Everyman plans season of `friendship, love'


May 13, 2004|By J. Wynn Rousuck | J. Wynn Rousuck,SUN THEATER CRITIC

The 2004-2005 season at Everyman Theatre will include two Baltimore premieres and a production of Lillian Hellman's The Children's Hour that is a collaborative effort by three institutions.

"I always look for collaborations where the sum is much greater than the parts, and I think this is just a natural fit all the way around," artistic director Vincent M. Lancisi says of the venture that involves Everyman, Columbia's Rep Stage and the Baltimore School for the Arts.

Reflecting on the nature of the season as a whole, Lancisi cites "friendship and love" as recurring themes, along with the small and interpersonal scale of several of the plays.

"In this very shaky, small world that we live in, so many things seem to be out of our control. So many things are cataclysmic and shocking - from what's going on in Iraq to terrorism rearing its ugly head in every phase of our life - and I think it's very interesting that these plays get back to the very fundamental, elemental needs we have in life of environments that we can control, of relationships that are crucial to us, of intimacy and trust."

In addition, after playing to an average of 92 percent capacity for the last two seasons, Everyman is adding a sixth week to the run of each show. This will also allow the theater's education program to bring a sixth city high school to its weekly student matinees.

Here's the season lineup:

Uncle Vanya, by Anton Chekhov; translated by Brian Friel (Sept. 9-Oct. 17). Everyman's first Chekhov production will star four of the theater company's members: Deborah Hazlett, Rosemary Knower, Vivienne Shub and Stan Weiman. Lancisi directs the Russian classic about an elderly professor who disrupts life at his country estate when he arrives with his beautiful, young second wife.

The Drawer Boy, by Michael Healy (Nov. 11-Dec. 19). One of the two local premieres, this Canadian play focuses on two middle-aged bachelor farmers who are studied by a young actor working on a play about farm life. Lancisi calls it "touching and upsetting," but also "hilariously funny" at times. Company member Frederick Strother will play one of the farmers.

The Children's Hour, by Hellman (Jan. 14-Feb. 20). Two female teachers' lives are destroyed by a student's malicious rumor in this 1934 drama. The cast will feature company members Megan Anderson, Hazlett and Tana Hicken along with 10 students from the Baltimore School for the Arts, under the direction of Donald Hicken, head of the school's theater department. After Everyman, the production will move to Rep Stage in Columbia.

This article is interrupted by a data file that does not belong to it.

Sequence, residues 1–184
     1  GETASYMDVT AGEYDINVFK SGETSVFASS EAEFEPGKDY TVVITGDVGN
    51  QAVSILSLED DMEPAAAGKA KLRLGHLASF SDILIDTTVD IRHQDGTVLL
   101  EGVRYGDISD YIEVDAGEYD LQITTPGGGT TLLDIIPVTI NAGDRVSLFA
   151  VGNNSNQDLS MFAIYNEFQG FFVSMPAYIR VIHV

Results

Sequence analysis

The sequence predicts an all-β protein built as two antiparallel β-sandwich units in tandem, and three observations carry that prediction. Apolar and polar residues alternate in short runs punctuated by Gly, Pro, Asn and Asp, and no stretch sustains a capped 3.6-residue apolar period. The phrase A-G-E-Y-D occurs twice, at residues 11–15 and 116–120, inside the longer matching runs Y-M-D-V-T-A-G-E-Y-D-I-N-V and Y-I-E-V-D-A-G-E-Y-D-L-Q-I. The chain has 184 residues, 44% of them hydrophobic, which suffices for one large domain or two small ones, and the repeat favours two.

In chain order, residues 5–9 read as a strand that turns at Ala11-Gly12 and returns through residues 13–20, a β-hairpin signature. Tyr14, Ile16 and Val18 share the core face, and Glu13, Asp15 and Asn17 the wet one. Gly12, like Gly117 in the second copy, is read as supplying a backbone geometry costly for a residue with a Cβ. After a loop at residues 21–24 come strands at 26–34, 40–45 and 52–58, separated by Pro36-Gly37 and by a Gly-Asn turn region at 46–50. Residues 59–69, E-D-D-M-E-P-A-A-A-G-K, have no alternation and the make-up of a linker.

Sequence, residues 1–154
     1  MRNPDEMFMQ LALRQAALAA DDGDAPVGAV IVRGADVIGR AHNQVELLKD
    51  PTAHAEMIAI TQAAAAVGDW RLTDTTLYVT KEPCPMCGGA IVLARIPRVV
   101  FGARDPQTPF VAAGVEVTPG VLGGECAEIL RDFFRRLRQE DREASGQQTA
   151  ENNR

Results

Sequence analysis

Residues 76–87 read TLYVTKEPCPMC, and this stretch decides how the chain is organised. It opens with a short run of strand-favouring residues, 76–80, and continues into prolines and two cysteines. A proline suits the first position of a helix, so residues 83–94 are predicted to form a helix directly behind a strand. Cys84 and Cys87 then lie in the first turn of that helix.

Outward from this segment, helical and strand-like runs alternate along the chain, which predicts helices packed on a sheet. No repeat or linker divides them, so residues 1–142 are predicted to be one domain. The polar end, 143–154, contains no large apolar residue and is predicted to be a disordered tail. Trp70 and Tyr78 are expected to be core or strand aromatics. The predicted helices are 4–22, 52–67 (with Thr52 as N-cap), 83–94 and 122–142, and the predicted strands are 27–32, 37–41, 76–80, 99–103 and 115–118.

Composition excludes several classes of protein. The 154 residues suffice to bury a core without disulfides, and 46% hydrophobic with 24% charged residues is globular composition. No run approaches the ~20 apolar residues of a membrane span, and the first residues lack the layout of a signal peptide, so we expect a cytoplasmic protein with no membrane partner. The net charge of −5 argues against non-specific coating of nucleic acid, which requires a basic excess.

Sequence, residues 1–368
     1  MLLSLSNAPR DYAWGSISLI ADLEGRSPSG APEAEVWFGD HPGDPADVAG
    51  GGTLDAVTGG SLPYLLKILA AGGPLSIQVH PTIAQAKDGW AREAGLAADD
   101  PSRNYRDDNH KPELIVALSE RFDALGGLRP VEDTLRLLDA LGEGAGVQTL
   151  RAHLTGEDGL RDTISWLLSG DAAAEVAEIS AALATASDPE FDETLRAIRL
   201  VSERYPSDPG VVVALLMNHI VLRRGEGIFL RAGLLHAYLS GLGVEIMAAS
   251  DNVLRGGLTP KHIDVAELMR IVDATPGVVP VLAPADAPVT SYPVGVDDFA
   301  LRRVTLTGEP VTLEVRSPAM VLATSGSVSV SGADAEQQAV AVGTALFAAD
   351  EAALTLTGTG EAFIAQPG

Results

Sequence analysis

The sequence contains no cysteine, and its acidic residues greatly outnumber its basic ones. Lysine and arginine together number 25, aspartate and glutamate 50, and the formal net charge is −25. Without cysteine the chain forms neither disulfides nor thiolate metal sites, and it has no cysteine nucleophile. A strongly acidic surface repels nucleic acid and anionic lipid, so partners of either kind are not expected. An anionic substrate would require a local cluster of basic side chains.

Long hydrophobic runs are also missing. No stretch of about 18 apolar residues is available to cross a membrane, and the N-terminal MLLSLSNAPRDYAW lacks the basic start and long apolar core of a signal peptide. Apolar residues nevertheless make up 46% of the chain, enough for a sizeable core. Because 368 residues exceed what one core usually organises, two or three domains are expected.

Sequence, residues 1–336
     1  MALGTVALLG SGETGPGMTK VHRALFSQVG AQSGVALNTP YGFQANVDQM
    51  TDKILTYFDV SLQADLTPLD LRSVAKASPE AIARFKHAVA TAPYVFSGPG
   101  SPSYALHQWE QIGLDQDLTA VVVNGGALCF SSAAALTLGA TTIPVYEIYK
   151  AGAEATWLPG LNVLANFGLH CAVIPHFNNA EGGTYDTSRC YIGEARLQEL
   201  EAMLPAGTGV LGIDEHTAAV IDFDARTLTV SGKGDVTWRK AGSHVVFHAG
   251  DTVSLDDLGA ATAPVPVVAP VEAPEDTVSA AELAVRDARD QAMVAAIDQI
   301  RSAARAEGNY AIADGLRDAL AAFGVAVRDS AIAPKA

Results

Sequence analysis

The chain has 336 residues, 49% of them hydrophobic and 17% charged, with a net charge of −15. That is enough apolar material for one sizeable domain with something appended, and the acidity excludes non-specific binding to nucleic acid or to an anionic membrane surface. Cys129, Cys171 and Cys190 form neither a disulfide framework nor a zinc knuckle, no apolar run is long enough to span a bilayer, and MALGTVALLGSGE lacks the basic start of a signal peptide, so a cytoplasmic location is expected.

Yellowman, by Dael Orlandersmith (March 18-April 24). The season's other Baltimore premiere, Orlandersmith's searing drama concerns the relationship between a light-skinned blackyoung man and his darker-skinned girlfriend. Lancisi calls it "one of the most gripping, instructive, transforming stories I've ever read. ... Two actors on a blank stage telling a riveting story."

Frankie and Johnny in the Clair de Lune, by Terrence McNally (May 20-June 26). "Probably the most intimate play we have ever done at Everyman," is the way Lancisi describes this account of a waitress and a short-order cook whose one-night stand could turn into something more. Directed by Lancisi and starring Hazlett, the production will feature Everyman's first nude scenes. However, the director says, these will be "glimpses. This is not about showing nudity. It's about showing intimacy and vulnerability and realism."

Subscriptions to the five-play season cost $50-$130 and are on sale now. Call 410-752-2208 or visit www.everymantheatre.org.

Hippodrome on screen

Audiences at the Maryland Film Festival last Friday got a sneak peak at the documentary that director William Whiteford and his producing partner, Susan Hadary, are making about the Hippodrome Theatre. Titled Showtime at the Hippodrome, the film chronicles the process of restoring the historic vaudeville house, so it seemed especially fitting to see a screening that was itself a work in progress.

Introducing the rough-cut, festival director Jed Dietz said this is the first time the festival has included works in progress (two others were also screened). It wasn't the first time Whiteford and Hadary were represented at the festival, however. Their Academy Award-winning film King Gimp opened the 2000 festival, and another documentary, Love, Josh, was screened in 2002.

Friday's audiences saw 37 minutes - a little more than half - of Showtime at the Hippodrome, which Whiteford hopes will air on Maryland Public Television. The film combines historic footage (of entertainers ranging from Cab Calloway and Baby Rose Marie to Frank Sinatra), interviews (with former audience members, performers and construction workers) and shots of the demolition and construction that went into the restoration.

The footage of the construction workers and artisans is particularly illuminating, with one plasterer waxing on in an almost spiritual vein about the meaning of his work. But the words of local historian, author and retired public-relations executive Gilbert Sandler are what perhaps best sum up the magical aura of the Hippodrome. "If these walls could talk," says Sandler, catching his breath and adding, "Oh ... if they could sing!"

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